By Jef With One F
By Rocks Off
By Chris Lane
By Angelica Leicht
By Corey Deiterman
By Angelica Leicht
By Corey Deiterman
The last few days have been a "nightmare," admits publicist Andrew Steinthal. And finally, in response to a media onslaught that knocked out the band's Web site (thejonbenet.com), the band members issued this explanation of their name:
The JonBenét Ramsey murder happened when we were all 11 and 12 years old. The media's saturation of the story was obsessive and extreme, and being that young, we were immediately detached from the reality of what happened. The name JonBenét became a piece of pop culture of our generation. Fast forward to 2003 when we started the band and needed a name before our first show. The Ramsey case had been long gone off the media's radar, but the name Jonbenét came up as a possible band name. We all agreed that we liked the name itself, and that it was far away from being another cliché band name. So we named our band the Jonbenét.
There was never any intention to mock or belittle what happened to JonBenét Ramsey. To think we have ever wanted to gain notoriety from the connection to the murder is just wrong. To us, the name was and is still just a word.
We recognize the current news events have again brought this issue to the forefront. We've already turned down numerous press requests for comments because we have nothing to say that's any different than anyone else. If he did it, let him hang.
Jello Biafra, a musician originally from Boulder, knows that a clever name can be both a blessing and a curse. After all, he named his seminal punk band the Dead Kennedys. "You pick a band name that strikes a nerve, you have to be able to back it up," says Biafra from his home in San Francisco. "But we sure have come a long way since the Mothers had to add 'of Invention' to their name in order to get their major label to release their album."
Biafra hadn't heard of the Jonbenét before this week, but "people have already played with JonBenét, anyway." Including him. On www.alternativetentacles.com, his Web site, the musician's history begins with this: "1958 - Biafra born and raised in Boulder, CO, six blocks from the JonBenét Ramsey murder site. So far, he has not been named as a suspect." And when Biafra made Never Breathe What You Can't See with the Melvins in 2004, Biafra dubbed himself "Osama McDonald," while Buzz Osborne was Jon Benét Milosevic.
"Now, after this delusional guy made his confession in order to escape being sent to a Thai prison, JonBenét is back in the news," Biafra says. "The whole thing is a huge, uniquely Boulder-ish tragedy. Had JonBenét lived, she might well be plaguing us as the next Britney Spears right now. So a major cultural catastrophe has been avoided."
There's always room for Jello. -- Patricia Calhoun
The Advantage and what's left of NES music
A good chunk of underground art and music in America has been transformed into a giant kaleidoscopic gumdrop by a movement that I call "neo-pop arts 'n' crafts" -- a high-fructose fusion of graffiti, video game design, do-it-yourself punk, Japanese toys, Dungeon & Dragons, vintage psychedelia, outsider art, Saturday-morning cartoons and your grandma's needlepoint projects. Thankfully, this aesthetic is totally running on fumes. The original innovators have moved on, and all that remains are bandwagoneers pumping out an astounding amount of identical-looking product, including hand-stitched T-shirts covered in neon unicorns, homemade comic books, faux-antique collage work and action figures for adults.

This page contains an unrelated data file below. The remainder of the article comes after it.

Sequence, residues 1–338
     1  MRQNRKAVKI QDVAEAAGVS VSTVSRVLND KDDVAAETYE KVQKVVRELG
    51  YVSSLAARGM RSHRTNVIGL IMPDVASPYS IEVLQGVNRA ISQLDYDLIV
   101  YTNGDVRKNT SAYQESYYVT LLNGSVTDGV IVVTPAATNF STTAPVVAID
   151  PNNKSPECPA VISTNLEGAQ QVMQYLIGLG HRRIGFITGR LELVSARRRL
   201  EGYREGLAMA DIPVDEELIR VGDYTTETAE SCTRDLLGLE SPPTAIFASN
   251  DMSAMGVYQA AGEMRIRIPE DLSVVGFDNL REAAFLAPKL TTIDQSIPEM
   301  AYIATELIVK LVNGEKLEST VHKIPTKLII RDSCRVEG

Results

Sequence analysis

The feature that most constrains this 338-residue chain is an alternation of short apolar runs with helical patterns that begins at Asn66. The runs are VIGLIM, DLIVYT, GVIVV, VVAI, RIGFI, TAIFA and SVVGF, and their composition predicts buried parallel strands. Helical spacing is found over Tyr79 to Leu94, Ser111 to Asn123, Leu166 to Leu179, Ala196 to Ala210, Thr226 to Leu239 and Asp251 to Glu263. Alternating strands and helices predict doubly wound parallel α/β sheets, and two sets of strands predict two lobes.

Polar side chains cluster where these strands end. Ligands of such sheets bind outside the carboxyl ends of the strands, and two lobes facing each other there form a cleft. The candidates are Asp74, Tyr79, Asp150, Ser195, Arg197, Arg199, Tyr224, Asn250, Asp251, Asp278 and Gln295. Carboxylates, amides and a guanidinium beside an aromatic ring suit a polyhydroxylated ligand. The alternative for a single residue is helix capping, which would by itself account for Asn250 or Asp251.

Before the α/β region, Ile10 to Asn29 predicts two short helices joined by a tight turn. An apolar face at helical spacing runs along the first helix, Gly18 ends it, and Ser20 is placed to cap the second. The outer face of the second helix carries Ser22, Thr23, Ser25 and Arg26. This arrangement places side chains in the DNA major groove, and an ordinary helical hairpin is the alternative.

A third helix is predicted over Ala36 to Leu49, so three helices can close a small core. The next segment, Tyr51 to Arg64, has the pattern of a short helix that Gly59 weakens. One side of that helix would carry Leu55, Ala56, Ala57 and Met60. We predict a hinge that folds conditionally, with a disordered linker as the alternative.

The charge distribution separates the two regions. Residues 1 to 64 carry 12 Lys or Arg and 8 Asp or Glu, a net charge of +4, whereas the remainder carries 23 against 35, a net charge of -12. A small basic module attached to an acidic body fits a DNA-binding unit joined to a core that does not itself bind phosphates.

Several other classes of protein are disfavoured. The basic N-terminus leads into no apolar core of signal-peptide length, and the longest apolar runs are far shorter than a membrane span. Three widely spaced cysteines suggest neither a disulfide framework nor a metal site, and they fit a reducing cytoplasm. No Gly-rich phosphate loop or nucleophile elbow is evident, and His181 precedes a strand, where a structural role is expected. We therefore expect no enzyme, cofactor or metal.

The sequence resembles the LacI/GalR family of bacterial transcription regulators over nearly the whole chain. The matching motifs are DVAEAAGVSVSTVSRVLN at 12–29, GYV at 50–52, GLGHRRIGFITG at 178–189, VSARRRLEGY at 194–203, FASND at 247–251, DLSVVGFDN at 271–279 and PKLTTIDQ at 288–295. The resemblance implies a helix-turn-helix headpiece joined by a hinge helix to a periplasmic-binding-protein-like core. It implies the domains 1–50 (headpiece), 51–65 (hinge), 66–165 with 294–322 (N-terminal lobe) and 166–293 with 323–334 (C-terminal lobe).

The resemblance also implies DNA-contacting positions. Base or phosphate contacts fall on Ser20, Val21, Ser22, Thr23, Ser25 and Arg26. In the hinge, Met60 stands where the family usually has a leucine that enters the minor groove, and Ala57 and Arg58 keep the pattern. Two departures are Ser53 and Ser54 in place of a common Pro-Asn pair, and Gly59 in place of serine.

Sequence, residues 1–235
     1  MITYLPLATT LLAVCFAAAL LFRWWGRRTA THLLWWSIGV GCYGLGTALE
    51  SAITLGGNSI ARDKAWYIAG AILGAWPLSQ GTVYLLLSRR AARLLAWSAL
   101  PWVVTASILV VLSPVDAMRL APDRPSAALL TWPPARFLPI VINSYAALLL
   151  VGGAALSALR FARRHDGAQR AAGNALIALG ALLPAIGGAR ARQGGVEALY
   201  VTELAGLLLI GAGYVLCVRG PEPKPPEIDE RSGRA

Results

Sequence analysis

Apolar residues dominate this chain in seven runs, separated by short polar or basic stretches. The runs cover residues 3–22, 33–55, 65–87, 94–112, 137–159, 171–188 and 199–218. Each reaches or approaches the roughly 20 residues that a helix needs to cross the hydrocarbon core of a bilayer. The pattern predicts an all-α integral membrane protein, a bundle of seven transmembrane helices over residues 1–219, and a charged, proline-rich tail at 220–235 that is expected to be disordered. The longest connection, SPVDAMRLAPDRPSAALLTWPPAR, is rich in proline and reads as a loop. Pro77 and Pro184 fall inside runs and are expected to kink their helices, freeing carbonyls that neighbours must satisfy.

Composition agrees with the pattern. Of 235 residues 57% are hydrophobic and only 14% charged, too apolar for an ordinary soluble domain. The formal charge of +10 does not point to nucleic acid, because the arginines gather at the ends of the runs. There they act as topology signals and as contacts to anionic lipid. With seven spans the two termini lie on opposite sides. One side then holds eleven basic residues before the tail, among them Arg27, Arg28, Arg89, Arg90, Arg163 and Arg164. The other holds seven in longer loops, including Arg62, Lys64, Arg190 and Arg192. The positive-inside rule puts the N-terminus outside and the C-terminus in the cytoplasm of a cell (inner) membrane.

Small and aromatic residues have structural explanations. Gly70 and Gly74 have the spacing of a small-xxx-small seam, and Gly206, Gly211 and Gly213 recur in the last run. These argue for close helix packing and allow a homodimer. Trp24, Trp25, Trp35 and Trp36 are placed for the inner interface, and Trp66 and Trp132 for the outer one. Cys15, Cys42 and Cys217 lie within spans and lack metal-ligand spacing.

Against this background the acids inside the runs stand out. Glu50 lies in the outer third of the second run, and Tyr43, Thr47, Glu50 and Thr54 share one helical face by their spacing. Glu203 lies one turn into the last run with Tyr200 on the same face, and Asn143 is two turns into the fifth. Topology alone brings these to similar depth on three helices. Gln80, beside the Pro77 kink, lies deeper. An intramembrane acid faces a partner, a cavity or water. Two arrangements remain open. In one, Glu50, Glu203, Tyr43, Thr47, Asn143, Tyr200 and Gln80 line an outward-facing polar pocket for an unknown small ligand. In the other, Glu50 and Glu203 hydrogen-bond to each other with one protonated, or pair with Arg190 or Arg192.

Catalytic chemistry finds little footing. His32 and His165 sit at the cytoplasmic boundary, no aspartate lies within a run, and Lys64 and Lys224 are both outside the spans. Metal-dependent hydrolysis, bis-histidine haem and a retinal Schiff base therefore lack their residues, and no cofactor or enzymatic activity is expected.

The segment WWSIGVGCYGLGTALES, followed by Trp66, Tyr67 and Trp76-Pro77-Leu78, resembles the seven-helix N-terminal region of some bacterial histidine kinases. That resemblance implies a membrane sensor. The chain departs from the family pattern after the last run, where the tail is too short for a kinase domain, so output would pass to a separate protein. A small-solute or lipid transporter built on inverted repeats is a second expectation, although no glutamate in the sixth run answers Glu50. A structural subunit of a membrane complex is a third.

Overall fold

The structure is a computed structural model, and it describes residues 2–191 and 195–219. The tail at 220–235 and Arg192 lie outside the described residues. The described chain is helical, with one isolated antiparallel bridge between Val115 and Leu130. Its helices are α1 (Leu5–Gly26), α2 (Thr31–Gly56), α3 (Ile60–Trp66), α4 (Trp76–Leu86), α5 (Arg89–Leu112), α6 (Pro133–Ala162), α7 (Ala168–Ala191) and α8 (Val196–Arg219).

Nowhere is this stale state of affairs more apparent than at your local indie record store, which leads us to Elf-Titled, the Advantage's covers album for 5 Rue Christine (a subsidiary of the Kill Rock Stars imprint). With artwork depicting pixilated bikini babes on the beach washing down a car-size version of the classic Nintendo Entertainment System from the late-'80s, Elf-Titled sees this Sacramento quartet run through a 16-track collection of perky background tunes from such NES chestnuts as Contra, Metroid, Castlevania and even Wizards and Warriors.
Now it's not the idea of grown men performing childhood video game music that irks me; at 31, I still love a good fart joke. It's just how by-the-numbers the Advantage's renditions of these digital ditties are. Outside of a cool electric sitar sound, this listless music (just like those neon unicorns) drips with an ironic sense of retro-novelty typically associated with products hawked at Spencer's Gifts. That wasn't at all what the neo-pop arts 'n' crafts movement was about when its first rumblings were felt in the late '90s in places like Providence, Boston, Brooklyn and the Bay Area. Listening to the fantastical noise-metal temper tantrums of Lightning Bolt's Wonderful Rainbow LP or taking in one of Dearraindrop's acid-meets-Romper Room art installations reveals first-generation practitioners who aren't merely retreating into the comfort of 20-year-old youth culture but transforming that very culture into an aggressive, complex and deeply surreal multimedia art form. What's more, in the late '90s the Midwest group Coin released two superb records (via the Anal Log label) exploding with goofy yet maniacally pounding dance-jammers that were the result of the group's rewiring the short-lived Atari computer. Now that was some over-the-top video game absurdity. None of that excessive silliness is to be found anywhere on Elf-Titled.